How long does alcohol stay in your system

(Picture: Getty)

Recovering from a hangover isn’t the only thing to worry about after a heavy night of drinking.

If you want to drive, or in many workplaces, you need to make sure that there’s no alcohol in your system.

Scientists have worked out how long it takes for your body to process alcohol, which can give you a good indication to when you can resume normal service.

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As a general rule, your body takes one hour to process one unit of alcohol.

However, you should’t follow this to the letter, as it can change based on a number of factors.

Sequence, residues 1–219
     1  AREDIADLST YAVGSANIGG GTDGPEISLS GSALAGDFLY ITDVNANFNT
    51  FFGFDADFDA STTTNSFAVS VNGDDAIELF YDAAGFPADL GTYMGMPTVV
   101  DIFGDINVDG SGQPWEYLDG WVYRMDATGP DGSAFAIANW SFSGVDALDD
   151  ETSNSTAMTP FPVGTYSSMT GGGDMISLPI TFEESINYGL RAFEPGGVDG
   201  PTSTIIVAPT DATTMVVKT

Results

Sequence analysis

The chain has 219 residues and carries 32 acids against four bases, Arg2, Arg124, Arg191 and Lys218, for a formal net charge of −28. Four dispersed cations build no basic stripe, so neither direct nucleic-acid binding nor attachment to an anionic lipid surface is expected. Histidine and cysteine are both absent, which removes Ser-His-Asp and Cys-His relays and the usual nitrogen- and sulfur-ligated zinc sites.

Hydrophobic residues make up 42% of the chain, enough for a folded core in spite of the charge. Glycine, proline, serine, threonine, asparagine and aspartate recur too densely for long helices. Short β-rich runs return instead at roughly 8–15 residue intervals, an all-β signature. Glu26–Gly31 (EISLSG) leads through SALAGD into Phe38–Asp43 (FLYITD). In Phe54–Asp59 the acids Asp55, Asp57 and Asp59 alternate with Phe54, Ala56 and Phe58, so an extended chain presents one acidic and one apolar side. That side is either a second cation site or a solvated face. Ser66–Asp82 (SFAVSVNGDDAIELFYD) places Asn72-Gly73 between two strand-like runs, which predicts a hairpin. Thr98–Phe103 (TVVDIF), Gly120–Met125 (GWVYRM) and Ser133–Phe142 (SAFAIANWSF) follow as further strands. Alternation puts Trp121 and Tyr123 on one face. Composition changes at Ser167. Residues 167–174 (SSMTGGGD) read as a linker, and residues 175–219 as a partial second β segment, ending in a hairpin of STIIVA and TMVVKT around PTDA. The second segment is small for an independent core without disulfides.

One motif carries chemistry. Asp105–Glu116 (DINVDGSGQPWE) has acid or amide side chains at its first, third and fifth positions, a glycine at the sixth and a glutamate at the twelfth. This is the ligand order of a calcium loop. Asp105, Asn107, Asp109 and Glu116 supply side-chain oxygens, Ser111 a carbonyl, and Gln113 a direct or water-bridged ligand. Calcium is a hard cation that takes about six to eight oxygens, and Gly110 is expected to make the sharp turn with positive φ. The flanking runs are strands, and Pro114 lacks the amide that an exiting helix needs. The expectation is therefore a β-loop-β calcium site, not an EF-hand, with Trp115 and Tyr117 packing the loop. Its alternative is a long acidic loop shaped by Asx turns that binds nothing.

Your weight, sex, age, and metabolism can all make this timeframe go up or down.

As you’ll be aware if you’ve ever had a pint on an empty stomach, what you eat can change things too.

One unit also doesn’t mean one drink as many people still believe.

How much is one unite

According to the NHS a unit is as follows:

  • 2.1 units in a standard glass (175ml) of average-strength wine (12%)
  • 3 units in a large glass (250ml) of average-strength wine (12%)
  • 2 units in a pint of low-strength lager, beer or cider (3.6%)
  • 3 units in a pint of higher-strength lager, beer or cider (5.2%)
  • 1 unit in a single measure of spirits (25ml)
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So, if you have two large glasses of wine (3 x 2) that would take your body 6 hours to process.

If you want to drive the next day after drinking, you should always err on the side of caution and give plenty more time than the calculation allows.

The NHS recommends people should not drink more than 14 units a week.

Also, if you drink around 14, you’re advised to spread this out rather than binging it all in one evening.

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